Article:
entrepreneur.com – Wednesday July 25, 2018

When my first book was published, I thought it would be an overnight success based purely on the topic and the fact that I knew the world needed it. My genius marketingplan was to simply publish it. If it exists on the internet, people will find it, right?

As you can imagine, that didn't work. It's a bit like showing up to a party, not knowing anyone, trying to make a grand entrance and having zero people pay attention. In fact, it was a lot like that. Hardly anyone blinked an eye or turned their head when my book became available.

Undeterred, I decided that the ticket to my success was that coveted Amazonbestseller ribbon. That will solve all my problems, I thought.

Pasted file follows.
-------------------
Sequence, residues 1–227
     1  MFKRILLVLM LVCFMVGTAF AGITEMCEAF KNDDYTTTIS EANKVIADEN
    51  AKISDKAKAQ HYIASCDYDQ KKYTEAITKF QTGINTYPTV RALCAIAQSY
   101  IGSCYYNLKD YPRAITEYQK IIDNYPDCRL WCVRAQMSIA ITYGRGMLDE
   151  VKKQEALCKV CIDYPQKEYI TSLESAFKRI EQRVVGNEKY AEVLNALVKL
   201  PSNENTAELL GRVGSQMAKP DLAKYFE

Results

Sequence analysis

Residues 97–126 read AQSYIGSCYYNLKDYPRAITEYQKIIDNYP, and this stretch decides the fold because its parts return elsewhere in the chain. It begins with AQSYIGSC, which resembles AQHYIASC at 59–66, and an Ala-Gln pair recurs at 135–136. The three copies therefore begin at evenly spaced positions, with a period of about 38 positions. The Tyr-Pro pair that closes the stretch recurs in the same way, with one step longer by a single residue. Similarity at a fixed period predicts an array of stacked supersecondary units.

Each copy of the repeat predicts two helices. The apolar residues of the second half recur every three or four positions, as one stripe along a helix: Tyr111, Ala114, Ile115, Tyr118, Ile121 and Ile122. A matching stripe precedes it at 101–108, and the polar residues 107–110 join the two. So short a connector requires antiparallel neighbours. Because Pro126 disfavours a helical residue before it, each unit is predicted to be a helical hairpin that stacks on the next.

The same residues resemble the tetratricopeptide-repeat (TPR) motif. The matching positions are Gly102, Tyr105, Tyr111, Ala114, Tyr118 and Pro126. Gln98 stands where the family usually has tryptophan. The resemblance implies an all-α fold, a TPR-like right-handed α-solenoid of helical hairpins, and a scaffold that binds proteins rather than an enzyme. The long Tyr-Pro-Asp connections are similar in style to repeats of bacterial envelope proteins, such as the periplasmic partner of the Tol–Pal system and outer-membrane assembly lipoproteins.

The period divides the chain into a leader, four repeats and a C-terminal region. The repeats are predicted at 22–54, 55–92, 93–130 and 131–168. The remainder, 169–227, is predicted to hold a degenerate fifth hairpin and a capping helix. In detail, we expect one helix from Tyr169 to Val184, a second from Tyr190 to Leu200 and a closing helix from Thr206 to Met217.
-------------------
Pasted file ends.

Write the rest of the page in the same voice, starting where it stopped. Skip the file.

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How to write your first novel, according to experts

standard.co.uk – Friday July 20, 2018

Everyone’s got a novel inside them, right? According to Richard Skinner, director of the fiction programme at the highly-esteemed Faber Academy, and author of one of several new books offering advice to aspiring novelists, while this may be true, “very few manage to arrange themselves and their lives well enough to get it out”.  

Thank goodness for that, judging from the mountains of novels that do get written, mostly rather badly, which daily arrive at literary editors’ offices by the sackload. If ever there was a good reason to keep it inside you forever, a week spent watching how ruthlessly we dispatch books like so much waste paper should do the trick.